Last week, I attended my first town hall hosted by Utah Representative Jason Chaffetz. I’ve attended and spoke at several other public meetings in the last few years (mostly relating to climate change, air quality and public land/Bears Ears) but this was one was right in my backyard and I was excited! I received a mailer inviting me to it at home address, but I also found out about it on Facebook. Over 1,500 people had RSVP’ed with interest from over 3,000! Because of the massive expected turnout, I arrived at the venue, Brighton High School, two hours early to wait in line so I could get a good seat.
While I waited, I started reviewing my notes on Jason Chaffetz’s record and wrote down possible questions if I got an opportunity to speak. I decided to focus on his record on public lands – this legislative session, he introduced a bill to sell off 3.3 million acres of public lands, but yanked it after public outcry. He’s been pressuring President Trump to roll back Bears Ears. As my elected representative, he does not represent my views, and I struggle to understand some of the decisions that he and other Utah politicians make.
At 6 pm, they opened the doors to the auditorium and the seats filled up fast. The police shut the doors, shortly after they opened, due to safety concerns. There were plenty of extra seats and the crowd started the first chant, “Let them in, Let them in!” The tension in the room was palpable, and my heart started to race as people stood up and yelled.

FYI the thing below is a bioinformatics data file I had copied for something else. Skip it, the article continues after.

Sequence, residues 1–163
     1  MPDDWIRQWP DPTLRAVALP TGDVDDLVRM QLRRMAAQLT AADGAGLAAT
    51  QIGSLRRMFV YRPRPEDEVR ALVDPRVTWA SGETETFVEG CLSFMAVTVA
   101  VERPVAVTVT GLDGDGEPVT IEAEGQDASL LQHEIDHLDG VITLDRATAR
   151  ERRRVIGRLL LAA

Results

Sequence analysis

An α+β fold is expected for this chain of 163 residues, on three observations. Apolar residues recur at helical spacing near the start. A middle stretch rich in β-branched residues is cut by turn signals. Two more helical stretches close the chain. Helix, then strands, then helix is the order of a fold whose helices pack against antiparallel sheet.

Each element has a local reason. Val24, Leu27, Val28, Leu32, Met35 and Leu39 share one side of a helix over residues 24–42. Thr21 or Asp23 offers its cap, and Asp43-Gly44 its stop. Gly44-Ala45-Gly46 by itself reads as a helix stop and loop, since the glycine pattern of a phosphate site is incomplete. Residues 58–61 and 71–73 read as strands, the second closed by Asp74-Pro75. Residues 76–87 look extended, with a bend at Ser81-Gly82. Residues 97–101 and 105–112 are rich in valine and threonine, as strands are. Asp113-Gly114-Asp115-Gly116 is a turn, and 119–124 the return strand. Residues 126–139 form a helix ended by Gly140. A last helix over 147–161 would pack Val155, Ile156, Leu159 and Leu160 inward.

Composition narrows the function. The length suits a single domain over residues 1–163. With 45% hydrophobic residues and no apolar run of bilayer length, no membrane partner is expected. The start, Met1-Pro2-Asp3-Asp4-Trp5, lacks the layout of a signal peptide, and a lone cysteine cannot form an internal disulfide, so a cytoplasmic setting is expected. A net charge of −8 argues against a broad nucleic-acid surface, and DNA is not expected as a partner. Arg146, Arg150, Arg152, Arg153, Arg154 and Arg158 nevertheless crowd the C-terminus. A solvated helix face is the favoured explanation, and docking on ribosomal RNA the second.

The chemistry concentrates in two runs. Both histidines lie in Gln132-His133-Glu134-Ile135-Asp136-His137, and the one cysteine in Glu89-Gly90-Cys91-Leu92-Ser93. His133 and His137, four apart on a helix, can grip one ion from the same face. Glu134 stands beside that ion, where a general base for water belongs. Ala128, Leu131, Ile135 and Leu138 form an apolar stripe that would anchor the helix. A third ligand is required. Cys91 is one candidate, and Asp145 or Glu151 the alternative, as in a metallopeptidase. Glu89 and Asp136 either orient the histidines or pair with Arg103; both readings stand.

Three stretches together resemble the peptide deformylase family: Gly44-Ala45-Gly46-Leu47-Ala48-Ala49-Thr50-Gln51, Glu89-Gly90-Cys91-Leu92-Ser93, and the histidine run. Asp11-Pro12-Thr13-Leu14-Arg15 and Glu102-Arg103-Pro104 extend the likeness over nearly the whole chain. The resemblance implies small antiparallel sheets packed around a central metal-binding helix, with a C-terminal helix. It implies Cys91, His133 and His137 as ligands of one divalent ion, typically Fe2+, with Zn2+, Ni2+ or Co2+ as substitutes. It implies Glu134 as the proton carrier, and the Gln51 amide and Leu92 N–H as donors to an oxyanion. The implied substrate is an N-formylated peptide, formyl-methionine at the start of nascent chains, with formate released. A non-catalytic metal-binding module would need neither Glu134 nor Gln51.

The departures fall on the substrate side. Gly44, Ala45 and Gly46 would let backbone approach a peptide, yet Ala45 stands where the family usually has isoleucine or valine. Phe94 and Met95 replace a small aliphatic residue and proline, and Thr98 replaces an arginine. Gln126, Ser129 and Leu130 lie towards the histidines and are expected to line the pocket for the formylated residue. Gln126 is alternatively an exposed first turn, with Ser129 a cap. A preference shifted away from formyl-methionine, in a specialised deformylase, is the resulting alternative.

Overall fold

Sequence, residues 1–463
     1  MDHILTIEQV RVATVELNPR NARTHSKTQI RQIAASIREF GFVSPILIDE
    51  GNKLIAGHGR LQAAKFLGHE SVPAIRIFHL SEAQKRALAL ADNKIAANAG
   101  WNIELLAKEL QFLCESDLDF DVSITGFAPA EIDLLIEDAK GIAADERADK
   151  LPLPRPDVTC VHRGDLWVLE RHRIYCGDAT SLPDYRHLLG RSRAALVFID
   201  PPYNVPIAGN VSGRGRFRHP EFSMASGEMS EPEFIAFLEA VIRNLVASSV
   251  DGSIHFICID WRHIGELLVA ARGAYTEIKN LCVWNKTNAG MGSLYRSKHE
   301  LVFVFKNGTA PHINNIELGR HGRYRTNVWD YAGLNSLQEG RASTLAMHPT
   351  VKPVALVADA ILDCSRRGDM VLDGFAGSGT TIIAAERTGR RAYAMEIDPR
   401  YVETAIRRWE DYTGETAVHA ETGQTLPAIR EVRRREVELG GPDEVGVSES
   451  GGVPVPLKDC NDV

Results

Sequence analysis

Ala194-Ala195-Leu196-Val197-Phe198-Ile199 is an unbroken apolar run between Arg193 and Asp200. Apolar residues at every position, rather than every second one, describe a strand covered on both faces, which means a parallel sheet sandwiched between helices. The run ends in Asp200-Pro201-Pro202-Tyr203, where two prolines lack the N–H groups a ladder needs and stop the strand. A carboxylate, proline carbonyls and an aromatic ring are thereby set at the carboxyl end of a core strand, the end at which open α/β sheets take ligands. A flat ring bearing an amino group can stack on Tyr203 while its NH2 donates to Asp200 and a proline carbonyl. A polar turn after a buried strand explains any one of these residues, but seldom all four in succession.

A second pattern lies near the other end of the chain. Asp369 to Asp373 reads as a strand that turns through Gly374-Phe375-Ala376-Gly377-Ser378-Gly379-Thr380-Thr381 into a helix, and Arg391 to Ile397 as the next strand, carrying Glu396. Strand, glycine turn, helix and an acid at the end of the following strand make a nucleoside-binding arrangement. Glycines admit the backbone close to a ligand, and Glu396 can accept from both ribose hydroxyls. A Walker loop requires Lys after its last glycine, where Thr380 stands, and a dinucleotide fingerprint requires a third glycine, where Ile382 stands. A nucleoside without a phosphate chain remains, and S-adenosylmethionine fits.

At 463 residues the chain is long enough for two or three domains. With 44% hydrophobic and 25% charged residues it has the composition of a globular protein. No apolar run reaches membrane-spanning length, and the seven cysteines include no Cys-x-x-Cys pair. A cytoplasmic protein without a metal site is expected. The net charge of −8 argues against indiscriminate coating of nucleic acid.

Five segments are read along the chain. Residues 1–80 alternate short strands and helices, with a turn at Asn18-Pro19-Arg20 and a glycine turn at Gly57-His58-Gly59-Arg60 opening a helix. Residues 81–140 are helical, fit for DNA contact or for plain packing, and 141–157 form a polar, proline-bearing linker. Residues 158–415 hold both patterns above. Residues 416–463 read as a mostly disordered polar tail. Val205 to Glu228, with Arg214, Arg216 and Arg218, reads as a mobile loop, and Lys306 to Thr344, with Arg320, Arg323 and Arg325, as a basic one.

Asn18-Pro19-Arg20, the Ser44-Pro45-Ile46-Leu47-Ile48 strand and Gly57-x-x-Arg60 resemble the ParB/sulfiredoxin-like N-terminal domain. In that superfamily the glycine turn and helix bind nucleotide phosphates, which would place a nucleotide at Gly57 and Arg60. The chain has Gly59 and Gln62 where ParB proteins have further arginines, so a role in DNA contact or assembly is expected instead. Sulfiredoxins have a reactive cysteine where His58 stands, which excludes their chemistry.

Before Chaffetz arrived, I was surprised at the apparent disorganization of the event, especially since they knew how many people would arrive. Usually at a public meeting of this size, there is a moderator, a podium with a microphone and a sign up process or lottery system for people who want to speak or ask questions. I believe that this was an intentional oversight, so Chaffetz could look like a victim to the angry mob of people who were yelling at him. The truth is, people had no choice but to yell. Without a microphone, yelling was the only way anyone could ask a question!
Instead of having a formalized system to take questions and hear from as many of his constituents as possible, Chaffetz would point at people in the crowd to take questions from them. He was only able to answer a handful of questions before leaving at 8:15, while the event had been advertised to go on until 9. To put his effort into context, at the Bears Ears Public Meeting, Secretary of the Interior Sally Jewell listened to speakers (while attendees often booed loudly) for three and a half hours.
I believe a lot can be accomplished when we come together and understand another person’s point of view. That’s how democracy works. But Chaffetz never came to listen. After the event was all over, Chaffetz went on the news and said the attendees were “out of state radicals,” there because of a “a paid attempt to bully and intimidate.” Representative Chaffetz, I am your constituent, you sent me an invitation to this event. You are the one who is bullying and intimidating the voters in your district by accusing us of being paid protestors from out of state
Attending these events is never fun or easy. It takes a lot of time and preparation to come informed. There are literally hundreds of things I would rather do with my day or evening. But it is incredibly important that we continue to organize and show up in big numbers in the weeks, months and years ahead. One voice can change the world. Will it be yours?